First Word Newsletter August 2016

Welcome to First Word August 2016


As winter and lack of supply bite into sales volumes four regions hit new record high median sale prices in July, with the national median sale price rising by $5,000 to $505,000, only $1,000 shy of the record median price reached in May 2016, according to data released by REINZ, (Real Estate Institute of New Zealand).

The Waikato/Bay of Plenty region recorded its eighth record median sale price in nine months, reaching $450,000 (up 2.7% on June 2016), while the median price in Auckland reached $825,000 (up 0.5% on June 2016), Northland reached $376,000 (up 4.4% on June 2016) and Manawatu/Wanganui reached $265,000 (up 6.4% on June 2016).

Inventory continues to fall rapidly nationwide, with a 33% decline in properties available for sale year-on-year and six regions seeing falls of greater than 40%. Wellington and Hawke’s Bay each have less than 10 weeks of supply available, with Waikato/Bay of Plenty at just on 10 weeks supply.

At the same time, the number of residential dwelling sales for July 2016 was 7,299, a drop of 7% on June. Sales volumes also fell 10% compared to July 2015, with sales for Auckland falling just over 20% compared to July last year.

Prices continue to rise in many regions, showing that demand is still firm. Sales volumes remain below previous periods, as the continued shortage of supply impacts buyers, who are struggling to find properties to buy.
We will watch market reaction with interest as the expected increase in listing numbers during the spring and summer selling period become available and the market assesses the impact of the recently announced LVR rule changes, the now approved Auckland Unitary Plan and possible interest rate cut.

Median prices jump, led by the regions: The national median house price rose $40,000 (+9%) to $505,000 from July 2015 to July 2016. Compared to June, the national median house price rose $5,000 (+1%). Central Otago Lakes recorded the largest percentage increase in median price compared to July 2015, at 32%, followed by Waikato/Bay of Plenty at 26% and Northland at 16%.

Auction sales up, Auckland auctions decline: 1,674 dwellings were sold by auction nationally in July, representing 23% of all sales, a decrease of 221 (-12%) on the number of auctions in July 2015.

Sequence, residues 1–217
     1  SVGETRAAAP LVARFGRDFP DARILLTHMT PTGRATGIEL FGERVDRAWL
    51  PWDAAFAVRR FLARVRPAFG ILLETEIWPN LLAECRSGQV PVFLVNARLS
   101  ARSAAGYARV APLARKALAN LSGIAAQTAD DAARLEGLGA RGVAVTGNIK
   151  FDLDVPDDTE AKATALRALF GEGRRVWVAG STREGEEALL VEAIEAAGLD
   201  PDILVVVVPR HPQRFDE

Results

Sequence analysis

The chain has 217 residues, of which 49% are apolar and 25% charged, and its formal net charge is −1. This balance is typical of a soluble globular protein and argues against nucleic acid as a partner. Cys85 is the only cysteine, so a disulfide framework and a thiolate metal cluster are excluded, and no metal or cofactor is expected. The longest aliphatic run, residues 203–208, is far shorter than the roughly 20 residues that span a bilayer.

Transactions in Auckland represented 61% of national auction sales, down from 74% in July 2015. The number of auctions in Waikato/Bay of Plenty has increased by 46% compared to July 2015, while the number of auctions has increased by 97% in Wellington, albeit off a small base, and by 69% across the rest of New Zealand excluding Auckland.

Pressure on stock grows, inventory and days to sell falls:
The number of properties available for sale across all regions in New Zealand has continued to fall between July 2015 and July 2016. Wellington has the fewest properties for sale with just under six weeks of supply, closely followed by Hawke’s Bay with nine weeks’ supply and Auckland and Waikato/Bay of Plenty with 10 weeks.


The Minister for Building and Housing, Dr Nick Smith, has recently announced that the income caps are being removed from the previous home owner eligibility criteria from 1 July 2016 (
Currently the income caps are $120,000.00 for a couple and $80,000.00 for an individual. The removal of the income caps will mean that previous homeowners who have low assets will be able to access their KiwiSaver funds to buy a home regardless of how high their income is.
You will still need to meet Housing New Zealand's criteria, which is as follows:
 you must be resident in New Zealand;
 you have not received a first home KiwiSaver withdrawal before;
 you have been contributing to KiwiSaver for at least three years;
 you have previously owned a home but at the time of your application you no longer have an interest in a property;
 your realisable assets are less than 20% of the house price cap for the area you are buying in (e.g. the current house price cap in Christchurch is $450,000.00 so your realisable assets must be under $90,000.00).
If you meet the above criteria you will be able to apply to Housing New Zealand for a Letter of Determination to submit to your KiwiSaver provider to show that you are eligible for the second chance withdrawal. Please note that an application for a Letter of Determination can take up to four weeks to process.

Previous home owners may also qualify for the HomeStart grant, however there are further eligibility criteria required to obtain this grant, e.g. having at least a 10% deposit and complying with the house price caps for the area you are buying in, amongst other criteria.

Every little bit counts when you're selling your home. And even the bulbs in your light fittings can woo buyers. That's if they're modern, efficient LED bulbs.
These little rays of light make a big difference to the cost of lighting your home. They're a drawcard for environmentally conscious buyers.
LED lighting gives the impression to buyers that the house is more modern than those with old-style lighting. It doesn't necessarily add value to the sale price, but it increases appeal to buyers, which can help sell a home.
It might feel like you need a small mortgage when replacing a house lot of LED bulbs. But the individual bulbs are getting cheaper and more reliable. Not long ago LED bulbs cost over $20 and were only available from specialist retailers. These days you can buy them at the Warehouse and supermarkets with prices for ordinary bayonet-style bulbs starting at $11.99.
In return for the investment, home owners can get about 15 times the life of a standard bulb and they cost a quarter of the amount to run, says Christian Hoerning of EECA Energywise. "That means households can save up to $290 in running costs over the lifetime of one LED bulb," he says.